Yoga for Women with Chronic Back Pain

A study from the University of York in York, U.K., has found that yoga improves back functionality in people—particularly women—who suffer from chronic lower back pain.  Researchers examined 300 subjects who had suffered from chronic back pain for an average of 10 years and discovered that subjects who completed a three-month yoga course had a greater range of motion and were able to complete tasks more easily.

In the United States, back pain is the fifth most common reasons why people visit their doctors.  Nine out of ten adults experience back pain or injury at least once in their life and half of adults report suffering from back pain every year.  Chronic back pain can be caused by a previous injury, but often it’s simply a result of aging.  As we get older, we naturally lose fluid and flexibility in our spines, which can cause chronic pain, especially when coupled with lifestyle factors like desk jobs or insufficient exercise. It affects men and women about equally, and tends to start up between the ages of 30 and 50.

Because it is such a common ailment, finding drug-free treatments for back pain are important.  This study is the second in a line that explores the effects of yoga for back pain.  The 300 participants were split into two groups: a control group, who were given a book about managing back pain, and a yoga group, who were enrolled in a 12-week yoga class.  Both groups were told to continue their previous treatment efforts along with their new undertakings.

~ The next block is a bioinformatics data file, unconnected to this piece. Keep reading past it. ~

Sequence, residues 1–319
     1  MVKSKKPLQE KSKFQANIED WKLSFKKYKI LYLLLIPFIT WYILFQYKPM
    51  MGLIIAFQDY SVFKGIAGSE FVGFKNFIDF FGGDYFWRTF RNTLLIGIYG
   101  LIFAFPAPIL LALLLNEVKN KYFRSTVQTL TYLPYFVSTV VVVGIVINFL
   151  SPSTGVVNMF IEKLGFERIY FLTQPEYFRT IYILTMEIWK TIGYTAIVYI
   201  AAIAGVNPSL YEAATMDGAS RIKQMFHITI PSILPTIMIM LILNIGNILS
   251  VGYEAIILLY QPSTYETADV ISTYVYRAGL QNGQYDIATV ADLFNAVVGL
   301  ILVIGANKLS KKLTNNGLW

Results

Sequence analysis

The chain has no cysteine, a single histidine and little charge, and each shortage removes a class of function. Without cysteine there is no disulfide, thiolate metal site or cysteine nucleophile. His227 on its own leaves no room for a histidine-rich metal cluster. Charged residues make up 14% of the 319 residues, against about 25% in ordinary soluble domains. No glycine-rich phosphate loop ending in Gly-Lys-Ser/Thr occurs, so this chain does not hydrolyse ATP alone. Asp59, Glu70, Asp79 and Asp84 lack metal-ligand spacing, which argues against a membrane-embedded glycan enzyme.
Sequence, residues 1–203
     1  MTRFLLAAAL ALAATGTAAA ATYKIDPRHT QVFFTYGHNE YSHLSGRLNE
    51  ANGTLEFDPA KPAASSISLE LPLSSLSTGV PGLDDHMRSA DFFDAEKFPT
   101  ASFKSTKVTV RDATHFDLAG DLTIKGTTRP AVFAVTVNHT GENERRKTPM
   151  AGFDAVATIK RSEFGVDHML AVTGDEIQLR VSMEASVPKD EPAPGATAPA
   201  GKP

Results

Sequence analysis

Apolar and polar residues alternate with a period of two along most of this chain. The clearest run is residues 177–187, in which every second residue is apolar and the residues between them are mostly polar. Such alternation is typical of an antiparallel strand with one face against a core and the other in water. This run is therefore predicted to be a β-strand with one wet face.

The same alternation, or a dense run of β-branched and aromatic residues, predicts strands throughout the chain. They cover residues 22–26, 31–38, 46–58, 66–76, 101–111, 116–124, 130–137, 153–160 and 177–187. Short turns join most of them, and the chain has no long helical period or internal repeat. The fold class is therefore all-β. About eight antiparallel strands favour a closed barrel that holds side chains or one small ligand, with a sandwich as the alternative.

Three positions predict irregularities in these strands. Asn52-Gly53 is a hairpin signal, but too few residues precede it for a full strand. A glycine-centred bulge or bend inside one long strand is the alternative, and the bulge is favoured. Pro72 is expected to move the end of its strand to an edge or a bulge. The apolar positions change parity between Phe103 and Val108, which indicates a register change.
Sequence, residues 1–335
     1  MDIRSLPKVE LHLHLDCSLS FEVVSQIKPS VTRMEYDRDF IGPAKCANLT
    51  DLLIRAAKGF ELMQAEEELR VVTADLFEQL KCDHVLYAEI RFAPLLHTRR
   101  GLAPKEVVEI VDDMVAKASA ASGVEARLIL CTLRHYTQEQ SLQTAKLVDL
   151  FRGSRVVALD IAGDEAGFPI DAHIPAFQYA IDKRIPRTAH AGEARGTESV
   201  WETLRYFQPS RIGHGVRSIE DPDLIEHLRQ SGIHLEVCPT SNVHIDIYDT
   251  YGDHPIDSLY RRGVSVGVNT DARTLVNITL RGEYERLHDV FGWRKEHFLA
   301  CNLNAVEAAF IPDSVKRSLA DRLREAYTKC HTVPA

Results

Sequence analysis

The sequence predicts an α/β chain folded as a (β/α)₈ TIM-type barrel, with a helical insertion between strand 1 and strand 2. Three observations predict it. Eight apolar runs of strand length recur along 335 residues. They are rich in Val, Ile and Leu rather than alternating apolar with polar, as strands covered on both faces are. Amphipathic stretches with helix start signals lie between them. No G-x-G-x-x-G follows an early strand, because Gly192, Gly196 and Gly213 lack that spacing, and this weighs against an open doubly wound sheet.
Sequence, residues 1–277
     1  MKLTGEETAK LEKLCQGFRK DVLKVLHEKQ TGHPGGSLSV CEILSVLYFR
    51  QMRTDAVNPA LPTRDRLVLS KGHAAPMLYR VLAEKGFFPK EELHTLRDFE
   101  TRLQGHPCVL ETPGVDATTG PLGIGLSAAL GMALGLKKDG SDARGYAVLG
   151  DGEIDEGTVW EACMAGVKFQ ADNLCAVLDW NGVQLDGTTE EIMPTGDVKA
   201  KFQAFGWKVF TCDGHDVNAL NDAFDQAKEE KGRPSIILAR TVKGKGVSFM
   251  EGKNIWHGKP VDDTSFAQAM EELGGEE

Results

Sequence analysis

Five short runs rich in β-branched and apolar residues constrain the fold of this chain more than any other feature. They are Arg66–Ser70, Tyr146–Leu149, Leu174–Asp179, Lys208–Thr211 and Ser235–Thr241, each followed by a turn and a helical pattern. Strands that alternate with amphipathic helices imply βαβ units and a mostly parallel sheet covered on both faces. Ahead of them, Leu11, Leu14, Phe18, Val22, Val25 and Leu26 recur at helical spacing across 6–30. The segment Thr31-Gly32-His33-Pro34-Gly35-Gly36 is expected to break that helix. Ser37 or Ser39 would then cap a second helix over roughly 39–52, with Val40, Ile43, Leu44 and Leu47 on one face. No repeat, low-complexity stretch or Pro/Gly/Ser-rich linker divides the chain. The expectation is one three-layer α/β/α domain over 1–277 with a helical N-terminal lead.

At the beginning of the trial, subjects were asked to rate their “disability level” (how easy they found it to perform every day tasks) on a scale of 0-24.  At the beginning of the study, the average was 8 for both the yoga and the control groups.  After three months, the yoga group reported an improvement of 2-2.5 points in functionality, while the non-yoga group reported no change.  Both groups reported a 1-4 point improvement in pain.

Researchers were heartened by their findings, saying that the improvement in functionality and pain level would improve patients’ quality of life.  Still, more research is needed to discover exactly how yoga for back pain confers its benefits and how best to utilize it in a treatment program.  But researchers still think yoga is a good alternative, particularly because it is relatively convenient and cheap. Treatments for back pain are expensive, but yoga classes cost around 20 dollars can be practiced for free once you learn the techniques.

“The important thing about exercise is, you need to do a type of exercise that you enjoy and that you can work with in your schedule and your lifestyle,” said Dr. Timothy Carey, a back pain researcher at UNC, Chapel Hill. “It’s important to kind of hang in there with the exercise, and I think that’s where the classes may help.”

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